Labrador's history is indeed rich and indeed has been very challenging over the years. Labrador was under Quebec jurisdiction between 1774 and 1809, when it was returned to Newfoundland. Quebec disputed the decision until 1927, which is actually just less 100 years ago. It was the British Privy Council at that time that defined the western boundary of Labrador and deemed Labrador to be under the jurisdiction of Newfoundland. There was no vote. There was no referendum. In fact, at no time in our history did anyone ever ask the people of Labrador what they wanted.
That is how the evolution of the great riding I represent came to be today. The political drama of who was to own Labrador did not end there, however. In 1932, the then bankrupt Dominion of Newfoundland was embroiled in a political vote and scandal that saw the resignation of its prime minister, Sir Richard Squires, and the attempted sale of Labrador back to Canada. The deal to sell the big land fell through, and once again, without any input from Labradorians, Labrador was given back to Newfoundland.
As part of the youngest province in our great country, our history's future began to speed up with the onset of World War II. The Canadian Forces base in Goose Bay, now forever known as 5 Wing Goose Bay, was built in 1941. It was used by the United States and Canada during the war that saw thousands of military personnel change the landscape and identity of Labrador forever.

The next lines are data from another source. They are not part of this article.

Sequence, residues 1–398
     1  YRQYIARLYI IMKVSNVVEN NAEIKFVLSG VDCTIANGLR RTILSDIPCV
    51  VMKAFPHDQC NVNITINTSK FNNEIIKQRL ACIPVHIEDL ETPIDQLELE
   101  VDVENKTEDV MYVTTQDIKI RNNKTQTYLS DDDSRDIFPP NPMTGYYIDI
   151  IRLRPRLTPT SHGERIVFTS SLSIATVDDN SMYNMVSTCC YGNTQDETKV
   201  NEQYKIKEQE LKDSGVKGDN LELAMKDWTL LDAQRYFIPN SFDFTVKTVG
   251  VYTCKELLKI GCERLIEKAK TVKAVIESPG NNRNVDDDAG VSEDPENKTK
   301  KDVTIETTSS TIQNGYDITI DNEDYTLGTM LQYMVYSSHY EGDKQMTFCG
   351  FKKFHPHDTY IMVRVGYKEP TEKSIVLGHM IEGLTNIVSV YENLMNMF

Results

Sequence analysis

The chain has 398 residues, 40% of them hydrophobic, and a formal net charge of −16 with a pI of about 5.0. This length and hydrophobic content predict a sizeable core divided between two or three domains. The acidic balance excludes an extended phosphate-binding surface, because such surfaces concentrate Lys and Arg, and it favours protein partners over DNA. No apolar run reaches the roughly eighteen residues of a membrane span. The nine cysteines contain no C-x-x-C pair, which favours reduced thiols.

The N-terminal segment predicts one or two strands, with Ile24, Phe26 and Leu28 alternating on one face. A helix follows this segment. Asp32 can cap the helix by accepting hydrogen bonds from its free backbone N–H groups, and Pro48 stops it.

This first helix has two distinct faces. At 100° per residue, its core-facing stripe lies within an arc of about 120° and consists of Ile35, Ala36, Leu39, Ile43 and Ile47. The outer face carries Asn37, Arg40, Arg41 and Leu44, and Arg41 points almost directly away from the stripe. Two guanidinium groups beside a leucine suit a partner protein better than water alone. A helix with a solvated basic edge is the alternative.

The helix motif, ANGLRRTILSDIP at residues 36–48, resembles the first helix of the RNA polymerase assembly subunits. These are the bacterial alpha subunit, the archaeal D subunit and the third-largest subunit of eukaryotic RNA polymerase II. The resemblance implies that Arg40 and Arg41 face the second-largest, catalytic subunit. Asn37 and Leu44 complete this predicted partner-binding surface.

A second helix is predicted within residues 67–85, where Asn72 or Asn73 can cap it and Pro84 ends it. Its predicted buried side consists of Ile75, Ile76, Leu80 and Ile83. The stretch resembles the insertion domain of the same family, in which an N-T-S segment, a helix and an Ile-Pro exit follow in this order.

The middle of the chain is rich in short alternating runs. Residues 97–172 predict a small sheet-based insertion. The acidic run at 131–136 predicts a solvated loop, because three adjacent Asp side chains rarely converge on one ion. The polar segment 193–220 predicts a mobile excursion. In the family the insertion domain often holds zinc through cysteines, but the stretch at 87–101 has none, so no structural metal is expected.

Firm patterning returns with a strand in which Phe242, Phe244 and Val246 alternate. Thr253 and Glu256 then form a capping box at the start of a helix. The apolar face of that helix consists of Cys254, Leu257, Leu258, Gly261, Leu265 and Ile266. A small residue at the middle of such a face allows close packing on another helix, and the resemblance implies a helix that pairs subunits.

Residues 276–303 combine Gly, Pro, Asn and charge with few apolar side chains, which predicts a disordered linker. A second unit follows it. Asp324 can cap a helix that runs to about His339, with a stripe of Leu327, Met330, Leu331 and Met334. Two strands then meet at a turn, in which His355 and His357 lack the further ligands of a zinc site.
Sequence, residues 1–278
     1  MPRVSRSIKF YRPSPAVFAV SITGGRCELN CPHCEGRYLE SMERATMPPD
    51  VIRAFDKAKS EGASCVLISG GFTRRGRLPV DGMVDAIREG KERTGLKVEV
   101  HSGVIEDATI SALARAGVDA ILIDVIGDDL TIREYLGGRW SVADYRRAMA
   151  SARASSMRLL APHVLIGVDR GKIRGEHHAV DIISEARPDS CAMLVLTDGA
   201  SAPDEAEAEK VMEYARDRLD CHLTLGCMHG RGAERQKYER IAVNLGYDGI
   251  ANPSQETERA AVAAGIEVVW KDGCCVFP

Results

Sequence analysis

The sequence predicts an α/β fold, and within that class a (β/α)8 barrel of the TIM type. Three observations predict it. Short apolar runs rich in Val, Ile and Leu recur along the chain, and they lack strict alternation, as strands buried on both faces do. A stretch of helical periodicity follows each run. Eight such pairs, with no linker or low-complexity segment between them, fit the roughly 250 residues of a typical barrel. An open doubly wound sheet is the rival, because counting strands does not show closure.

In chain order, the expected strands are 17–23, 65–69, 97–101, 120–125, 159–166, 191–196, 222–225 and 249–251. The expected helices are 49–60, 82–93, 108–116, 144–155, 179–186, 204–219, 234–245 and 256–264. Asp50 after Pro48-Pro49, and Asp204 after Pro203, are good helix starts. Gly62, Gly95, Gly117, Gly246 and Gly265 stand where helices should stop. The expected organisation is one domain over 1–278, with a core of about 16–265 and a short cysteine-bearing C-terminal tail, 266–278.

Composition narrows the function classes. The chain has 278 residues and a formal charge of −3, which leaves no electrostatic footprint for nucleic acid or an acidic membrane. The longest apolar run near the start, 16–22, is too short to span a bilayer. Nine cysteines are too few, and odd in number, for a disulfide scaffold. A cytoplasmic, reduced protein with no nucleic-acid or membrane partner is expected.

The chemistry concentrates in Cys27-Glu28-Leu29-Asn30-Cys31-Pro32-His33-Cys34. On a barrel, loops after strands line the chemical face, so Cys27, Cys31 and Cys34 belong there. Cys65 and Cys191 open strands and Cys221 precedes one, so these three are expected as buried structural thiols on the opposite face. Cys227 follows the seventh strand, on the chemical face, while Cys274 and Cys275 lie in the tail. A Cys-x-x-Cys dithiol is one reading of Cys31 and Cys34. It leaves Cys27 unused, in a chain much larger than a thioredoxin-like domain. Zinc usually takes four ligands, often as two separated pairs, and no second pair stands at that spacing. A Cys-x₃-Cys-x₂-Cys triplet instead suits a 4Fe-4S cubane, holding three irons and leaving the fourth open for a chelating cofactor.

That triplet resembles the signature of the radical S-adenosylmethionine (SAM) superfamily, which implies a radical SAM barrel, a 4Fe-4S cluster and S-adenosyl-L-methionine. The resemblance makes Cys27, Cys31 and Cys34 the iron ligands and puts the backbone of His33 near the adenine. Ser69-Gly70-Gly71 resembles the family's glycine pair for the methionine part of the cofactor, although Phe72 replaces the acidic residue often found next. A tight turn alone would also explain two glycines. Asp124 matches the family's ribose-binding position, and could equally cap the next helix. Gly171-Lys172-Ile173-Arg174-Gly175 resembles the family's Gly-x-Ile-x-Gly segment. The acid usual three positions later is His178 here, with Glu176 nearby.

Central Labrador is now the hub of that region. It is where south meets north and west connects east. Labrador is home to roughly 30,000 people, with approximately two-thirds of them living in western and central Labrador. Western Labrador is where some of the largest and richest iron ore deposits in our country are. In fact, it has some of the largest deposits of iron ore in North America.
The natural resources available in Labrador have caught the world by storm. At no other time in history has there been so much international attention and interest in the region, from iron ore to nickel to hydro-electric power, not to mention the natural gas and oil that is being discovered off the Labrador coast. All of this development and exploration has had many effects on Labrador and on Labradorians, some of them positive and some of them negative.
What this progression has done for our province on the world stage is have a direct and undeniable effect not only in world markets but on the future of our aboriginal people.
Labrador is home to three distinct aboriginal cultures. This adds to the colourful tapestry of our history and our lineage. As I alluded to earlier, for thousands of years, the Inuit and Innu travelled throughout Labrador, hunting and fishing and later trading with Europe.